Cherylk on LibraryThing More than 1 year ago
If you thought you knew everything there was about the Titanic then think again. Titanic¿s Last Secrets gives readers a new; clean prospective on a famous tragedy that has captivated us all. The dynamic team of Brad Matsen and deep sea divers John Chatterton and Richie Kohler have teamed up to share their wealth of knowledge as well as in depth research on this well-known ship and in doing so they produced a wonderful book. John Chatterton and Richie Kohler travel to the wreckage of the Titanic to disprove a myth about what really happened that day. Titanic¿s Last Secrets is like a history lesson is supposed to be like¿ fun and exciting. From the first page, I got caught up in the anticipation as well as excitement to when Chatterton and Kohler first discovered something new about the Titanic that no one else had ever laid eyes on before. With Brad Matsen¿s writing style, he made it so real that it was like I was there every step of the way. I appreciate the risks Chatterton and Kohler went though by risking their lives to bring truth and justice for all those innocent souls that perished for greed. For anyone that is fascinated with the history of the Titanic then this is the book for you, so pick up a copy of Titanic¿s Last Secrets today. This is one book that will have people talking.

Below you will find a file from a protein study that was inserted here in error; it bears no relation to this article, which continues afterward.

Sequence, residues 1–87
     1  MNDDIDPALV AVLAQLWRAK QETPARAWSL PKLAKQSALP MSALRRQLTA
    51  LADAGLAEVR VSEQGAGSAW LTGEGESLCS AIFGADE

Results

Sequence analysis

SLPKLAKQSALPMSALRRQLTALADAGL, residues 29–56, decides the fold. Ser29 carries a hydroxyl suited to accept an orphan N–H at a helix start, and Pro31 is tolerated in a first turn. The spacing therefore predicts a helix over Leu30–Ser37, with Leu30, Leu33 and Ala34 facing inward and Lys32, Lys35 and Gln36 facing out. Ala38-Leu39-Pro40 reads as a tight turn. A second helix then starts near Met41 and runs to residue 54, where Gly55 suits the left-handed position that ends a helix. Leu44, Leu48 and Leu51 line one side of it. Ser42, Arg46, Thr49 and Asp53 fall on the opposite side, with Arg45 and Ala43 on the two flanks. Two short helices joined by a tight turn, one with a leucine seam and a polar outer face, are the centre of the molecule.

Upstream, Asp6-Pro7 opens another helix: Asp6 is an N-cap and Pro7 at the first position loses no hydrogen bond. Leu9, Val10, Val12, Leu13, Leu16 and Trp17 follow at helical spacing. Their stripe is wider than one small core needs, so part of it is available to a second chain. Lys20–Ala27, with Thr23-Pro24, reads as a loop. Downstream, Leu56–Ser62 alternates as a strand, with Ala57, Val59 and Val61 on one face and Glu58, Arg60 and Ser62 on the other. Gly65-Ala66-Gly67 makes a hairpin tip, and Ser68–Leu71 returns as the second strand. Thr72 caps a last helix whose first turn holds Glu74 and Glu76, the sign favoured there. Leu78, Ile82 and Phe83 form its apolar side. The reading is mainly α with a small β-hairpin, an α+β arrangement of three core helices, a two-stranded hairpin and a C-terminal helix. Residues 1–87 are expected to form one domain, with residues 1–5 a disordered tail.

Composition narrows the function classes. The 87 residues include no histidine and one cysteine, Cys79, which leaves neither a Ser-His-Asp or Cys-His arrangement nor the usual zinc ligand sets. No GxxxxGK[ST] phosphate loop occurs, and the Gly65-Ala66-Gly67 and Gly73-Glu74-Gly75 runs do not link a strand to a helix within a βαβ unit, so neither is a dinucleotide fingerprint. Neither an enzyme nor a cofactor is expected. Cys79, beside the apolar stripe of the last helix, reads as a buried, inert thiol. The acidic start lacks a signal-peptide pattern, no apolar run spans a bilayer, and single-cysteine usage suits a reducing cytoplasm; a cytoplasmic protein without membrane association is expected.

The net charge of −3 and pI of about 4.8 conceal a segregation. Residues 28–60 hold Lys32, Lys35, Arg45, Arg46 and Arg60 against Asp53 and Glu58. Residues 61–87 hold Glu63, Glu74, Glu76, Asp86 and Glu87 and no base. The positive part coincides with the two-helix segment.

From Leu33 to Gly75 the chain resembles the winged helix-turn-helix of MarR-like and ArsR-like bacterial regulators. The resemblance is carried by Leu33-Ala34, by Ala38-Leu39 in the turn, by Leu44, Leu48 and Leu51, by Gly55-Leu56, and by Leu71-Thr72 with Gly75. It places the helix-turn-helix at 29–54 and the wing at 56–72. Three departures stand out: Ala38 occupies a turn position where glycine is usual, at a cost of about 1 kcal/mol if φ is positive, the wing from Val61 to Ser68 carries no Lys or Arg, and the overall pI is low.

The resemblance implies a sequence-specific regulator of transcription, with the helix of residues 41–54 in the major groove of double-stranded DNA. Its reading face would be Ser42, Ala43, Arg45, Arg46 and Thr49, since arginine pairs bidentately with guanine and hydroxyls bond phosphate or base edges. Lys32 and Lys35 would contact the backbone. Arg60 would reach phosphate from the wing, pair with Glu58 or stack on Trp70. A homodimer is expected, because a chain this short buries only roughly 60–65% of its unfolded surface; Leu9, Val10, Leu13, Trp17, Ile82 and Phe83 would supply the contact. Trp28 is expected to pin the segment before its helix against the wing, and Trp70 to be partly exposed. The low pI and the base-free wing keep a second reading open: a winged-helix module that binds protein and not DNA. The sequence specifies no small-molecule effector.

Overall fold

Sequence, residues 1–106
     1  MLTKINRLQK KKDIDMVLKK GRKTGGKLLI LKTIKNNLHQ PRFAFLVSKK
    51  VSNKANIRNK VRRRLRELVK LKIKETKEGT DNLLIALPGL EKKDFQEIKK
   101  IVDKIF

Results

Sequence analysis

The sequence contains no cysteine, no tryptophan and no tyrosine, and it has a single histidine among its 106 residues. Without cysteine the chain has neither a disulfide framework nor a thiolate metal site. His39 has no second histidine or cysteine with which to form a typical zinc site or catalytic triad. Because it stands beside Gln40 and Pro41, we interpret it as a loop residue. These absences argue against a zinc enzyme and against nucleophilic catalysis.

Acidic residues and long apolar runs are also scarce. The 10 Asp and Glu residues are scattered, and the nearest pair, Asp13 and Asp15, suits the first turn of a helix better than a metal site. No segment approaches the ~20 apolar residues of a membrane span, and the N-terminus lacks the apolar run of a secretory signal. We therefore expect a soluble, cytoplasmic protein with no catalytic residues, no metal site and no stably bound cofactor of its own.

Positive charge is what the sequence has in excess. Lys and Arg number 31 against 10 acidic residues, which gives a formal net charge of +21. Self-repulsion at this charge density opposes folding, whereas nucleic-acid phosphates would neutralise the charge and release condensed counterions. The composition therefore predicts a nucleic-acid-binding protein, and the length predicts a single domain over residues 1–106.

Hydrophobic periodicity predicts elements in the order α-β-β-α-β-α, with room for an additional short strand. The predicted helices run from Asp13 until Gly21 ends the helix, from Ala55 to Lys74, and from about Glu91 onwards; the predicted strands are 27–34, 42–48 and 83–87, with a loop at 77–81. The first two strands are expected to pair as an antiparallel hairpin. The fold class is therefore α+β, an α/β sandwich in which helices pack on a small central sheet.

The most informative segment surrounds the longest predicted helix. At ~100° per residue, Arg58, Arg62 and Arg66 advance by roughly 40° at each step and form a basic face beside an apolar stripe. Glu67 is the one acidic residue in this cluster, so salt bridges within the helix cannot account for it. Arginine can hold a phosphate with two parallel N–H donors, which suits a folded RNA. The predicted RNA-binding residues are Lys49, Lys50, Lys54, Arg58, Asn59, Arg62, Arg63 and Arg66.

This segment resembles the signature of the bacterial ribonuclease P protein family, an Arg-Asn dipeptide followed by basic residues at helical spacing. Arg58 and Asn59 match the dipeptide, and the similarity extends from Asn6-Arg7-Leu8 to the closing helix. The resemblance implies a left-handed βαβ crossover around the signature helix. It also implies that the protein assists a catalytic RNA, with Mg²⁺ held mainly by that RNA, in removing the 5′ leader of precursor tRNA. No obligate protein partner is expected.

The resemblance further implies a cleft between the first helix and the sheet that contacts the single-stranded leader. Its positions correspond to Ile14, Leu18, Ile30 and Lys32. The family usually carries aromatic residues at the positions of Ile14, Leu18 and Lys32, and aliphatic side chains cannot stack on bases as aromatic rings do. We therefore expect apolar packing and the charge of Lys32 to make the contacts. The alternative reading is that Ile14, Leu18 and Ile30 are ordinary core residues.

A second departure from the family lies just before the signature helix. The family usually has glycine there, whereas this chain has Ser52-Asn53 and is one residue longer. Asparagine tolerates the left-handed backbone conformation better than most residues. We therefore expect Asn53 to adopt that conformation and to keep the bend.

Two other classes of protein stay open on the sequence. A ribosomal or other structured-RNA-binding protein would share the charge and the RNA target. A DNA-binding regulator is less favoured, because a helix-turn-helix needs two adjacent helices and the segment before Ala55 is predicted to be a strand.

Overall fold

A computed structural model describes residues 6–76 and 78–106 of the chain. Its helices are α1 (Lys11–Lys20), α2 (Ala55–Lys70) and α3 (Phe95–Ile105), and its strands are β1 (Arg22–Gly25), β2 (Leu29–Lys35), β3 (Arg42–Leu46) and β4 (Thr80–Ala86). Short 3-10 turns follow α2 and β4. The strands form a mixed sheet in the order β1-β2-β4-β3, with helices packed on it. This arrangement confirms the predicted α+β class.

Meggo on LibraryThing More than 1 year ago
Full disclosure time - I am a borderline "Titaniac". I find the story of the Titanic to be even more fascinating than other maritime disasters like the Lusitania, the Bismark, and the Edmund Fitzgerald. I enjoyed reading this book, which brought new information to the table about how the great ship went down so quickly, mixed with the history of the ship, its construction, launch and ultimately its end and the aftermath. I would have preferred to have seen documentary evidence claimed to be seen by the previous archivist of the shipyard that built Titanic, but it's a thought provoking book all the same. Worth the read.
Helcura on LibraryThing More than 1 year ago
I found this book quite interesting, both the parts regarding the divers in the present day, and the biographies of the historical personages. It presented information I hadn't known and changed my understanding of the Titanic tragedy significantly. Definitely worth the read, and worth adding to one's collection of popular history.
ElizabethChapman on LibraryThing More than 1 year ago